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Directory:Bedini SG:Replications:PES:Sterling Allan:Data:Exp9 Zero Current Charge

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You are here: PES Network > Main Page > There was an error working with the wiki: Code[1] > Directory:Bedini SG:Replications > Directory:Bedini SG:Replications:PES > Directory:Bedini SG:Replications:PES:Sterling Allan > Directory:Bedini SG:Replications:PES:Sterling Allan:Data > Experiment 9



'Results from "Zero Current" Charge Experiment from Sterling D. Allan's Replication of John Bedini's "Directory:Bedini SG"'

Preface Note (Disclaimer) : I did not consult with John or Peter in this experiment, nor did I discuss with them my speculations of the "zero current" extrapolation of the curve I charted. This experiment (as previous experiments) was of my own design. It does not reflect their claims. See Directory:Bedini SG:Replications:PES:Sterling Allan:Data:Exp9 Zero Current Charge below, in which he remarks that this circuit he let us publish is not designed for anything but a rotating wheel paradigm for charging the batteries on the back end, and that other modificiations need to be made for it to work well in a resonant mode, which he has not yet divulged to us.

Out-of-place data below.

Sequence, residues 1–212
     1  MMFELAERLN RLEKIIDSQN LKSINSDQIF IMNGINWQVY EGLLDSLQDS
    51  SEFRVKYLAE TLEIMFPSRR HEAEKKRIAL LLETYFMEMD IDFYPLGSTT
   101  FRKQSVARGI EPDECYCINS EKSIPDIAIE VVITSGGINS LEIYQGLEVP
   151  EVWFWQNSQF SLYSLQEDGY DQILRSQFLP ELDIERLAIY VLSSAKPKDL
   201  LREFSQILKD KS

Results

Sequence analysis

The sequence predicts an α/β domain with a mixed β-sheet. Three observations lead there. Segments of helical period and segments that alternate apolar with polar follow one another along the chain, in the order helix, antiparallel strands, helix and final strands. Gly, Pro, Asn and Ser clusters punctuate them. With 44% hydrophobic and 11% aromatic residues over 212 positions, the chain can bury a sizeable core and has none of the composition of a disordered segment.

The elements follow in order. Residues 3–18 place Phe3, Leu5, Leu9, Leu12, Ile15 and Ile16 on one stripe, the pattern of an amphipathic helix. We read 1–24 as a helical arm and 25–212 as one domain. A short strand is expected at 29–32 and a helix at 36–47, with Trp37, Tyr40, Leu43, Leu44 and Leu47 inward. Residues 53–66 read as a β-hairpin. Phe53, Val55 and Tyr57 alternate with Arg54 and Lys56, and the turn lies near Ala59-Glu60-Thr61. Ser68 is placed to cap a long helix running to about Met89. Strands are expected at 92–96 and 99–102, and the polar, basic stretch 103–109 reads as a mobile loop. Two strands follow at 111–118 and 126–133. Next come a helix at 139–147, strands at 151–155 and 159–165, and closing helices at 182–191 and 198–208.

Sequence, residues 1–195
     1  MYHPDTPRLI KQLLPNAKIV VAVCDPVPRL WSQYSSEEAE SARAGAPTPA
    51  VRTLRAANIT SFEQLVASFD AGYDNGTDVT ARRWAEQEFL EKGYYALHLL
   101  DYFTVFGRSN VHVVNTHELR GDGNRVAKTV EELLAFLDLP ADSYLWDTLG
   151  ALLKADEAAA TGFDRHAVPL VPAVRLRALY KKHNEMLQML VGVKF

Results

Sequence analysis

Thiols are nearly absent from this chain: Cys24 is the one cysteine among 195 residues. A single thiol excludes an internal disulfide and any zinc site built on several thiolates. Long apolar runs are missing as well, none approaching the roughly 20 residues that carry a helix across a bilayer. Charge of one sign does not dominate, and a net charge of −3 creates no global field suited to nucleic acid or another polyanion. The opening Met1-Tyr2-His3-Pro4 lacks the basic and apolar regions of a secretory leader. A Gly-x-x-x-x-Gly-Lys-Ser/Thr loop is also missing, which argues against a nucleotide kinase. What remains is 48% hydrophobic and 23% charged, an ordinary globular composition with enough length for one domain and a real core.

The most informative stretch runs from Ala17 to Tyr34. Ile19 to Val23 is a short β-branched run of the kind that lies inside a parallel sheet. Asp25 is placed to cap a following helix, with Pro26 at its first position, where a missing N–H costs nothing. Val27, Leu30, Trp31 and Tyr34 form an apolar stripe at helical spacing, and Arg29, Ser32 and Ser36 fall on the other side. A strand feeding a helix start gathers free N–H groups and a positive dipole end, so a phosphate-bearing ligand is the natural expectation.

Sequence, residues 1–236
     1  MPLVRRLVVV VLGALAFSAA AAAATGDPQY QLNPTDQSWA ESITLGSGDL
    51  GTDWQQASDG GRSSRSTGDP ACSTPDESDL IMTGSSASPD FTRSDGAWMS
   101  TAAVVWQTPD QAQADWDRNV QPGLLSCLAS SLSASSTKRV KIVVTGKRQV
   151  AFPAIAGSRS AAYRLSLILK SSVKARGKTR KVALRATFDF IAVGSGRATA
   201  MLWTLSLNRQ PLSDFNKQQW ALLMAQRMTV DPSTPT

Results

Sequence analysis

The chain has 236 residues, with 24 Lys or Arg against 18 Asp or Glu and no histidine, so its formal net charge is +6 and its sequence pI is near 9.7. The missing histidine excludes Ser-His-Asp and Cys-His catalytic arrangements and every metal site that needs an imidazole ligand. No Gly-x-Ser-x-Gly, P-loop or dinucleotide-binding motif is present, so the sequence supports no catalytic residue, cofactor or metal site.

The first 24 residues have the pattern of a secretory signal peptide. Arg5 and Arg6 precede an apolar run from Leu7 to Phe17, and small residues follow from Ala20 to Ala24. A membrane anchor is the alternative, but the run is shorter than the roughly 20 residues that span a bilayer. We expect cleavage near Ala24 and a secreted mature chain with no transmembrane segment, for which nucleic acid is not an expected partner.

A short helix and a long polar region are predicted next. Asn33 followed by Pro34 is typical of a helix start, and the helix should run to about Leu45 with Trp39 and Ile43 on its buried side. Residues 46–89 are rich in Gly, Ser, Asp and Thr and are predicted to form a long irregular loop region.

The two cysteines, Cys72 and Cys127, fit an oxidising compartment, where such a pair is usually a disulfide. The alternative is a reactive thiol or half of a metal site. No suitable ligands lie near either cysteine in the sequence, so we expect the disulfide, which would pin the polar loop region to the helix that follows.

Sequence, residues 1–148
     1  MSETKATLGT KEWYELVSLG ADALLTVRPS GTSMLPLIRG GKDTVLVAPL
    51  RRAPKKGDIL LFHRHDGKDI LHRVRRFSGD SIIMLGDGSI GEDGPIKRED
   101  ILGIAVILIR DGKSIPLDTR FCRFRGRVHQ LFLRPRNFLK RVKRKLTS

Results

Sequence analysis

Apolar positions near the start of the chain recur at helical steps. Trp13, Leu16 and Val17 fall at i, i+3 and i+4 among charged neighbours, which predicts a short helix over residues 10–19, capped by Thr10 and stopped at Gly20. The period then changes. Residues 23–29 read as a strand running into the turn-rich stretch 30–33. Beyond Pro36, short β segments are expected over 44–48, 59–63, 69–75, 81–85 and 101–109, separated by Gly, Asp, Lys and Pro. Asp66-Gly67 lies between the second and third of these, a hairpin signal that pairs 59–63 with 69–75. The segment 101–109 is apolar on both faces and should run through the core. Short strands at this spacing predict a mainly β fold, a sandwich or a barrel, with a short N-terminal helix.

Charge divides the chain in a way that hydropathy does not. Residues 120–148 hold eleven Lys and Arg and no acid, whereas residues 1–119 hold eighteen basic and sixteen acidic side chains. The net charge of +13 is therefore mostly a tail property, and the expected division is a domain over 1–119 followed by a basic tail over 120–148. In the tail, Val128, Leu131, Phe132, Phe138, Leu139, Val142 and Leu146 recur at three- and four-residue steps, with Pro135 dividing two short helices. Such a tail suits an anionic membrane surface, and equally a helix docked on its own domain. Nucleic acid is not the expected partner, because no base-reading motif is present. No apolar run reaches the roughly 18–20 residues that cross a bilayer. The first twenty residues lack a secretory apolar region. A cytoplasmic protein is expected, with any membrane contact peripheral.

Summary : A load test of the batteries that were charged on the Directory:Bedini SG:Replications:PES:Sterling Allan:Data:Exp6:Charts set-up shows that the "zero current" charge on this set-up does not appear to make any difference in the batteries discharge rate, at least not with this particular load. The rate of discharge was the same as a non-treated batteries. I was expecting the "zero current" charge at high frequency to cause the batteries to discharge more slowly -- e.g. to become more robust -- even though their voltage was not increasing during charge but this did not happen in the load that was applied. It is possible that Tesla's radiant energy (if that is what is being tapped here) is not suitable for the particular load that was applied, hence no effect was seen. Perhaps a different load type, e.g. luminescence, would manifest the new energy, if it is being tapped in this process. Bedini's comment (after the above speculation) says that 'this circuit is not designed for this mode of operation.'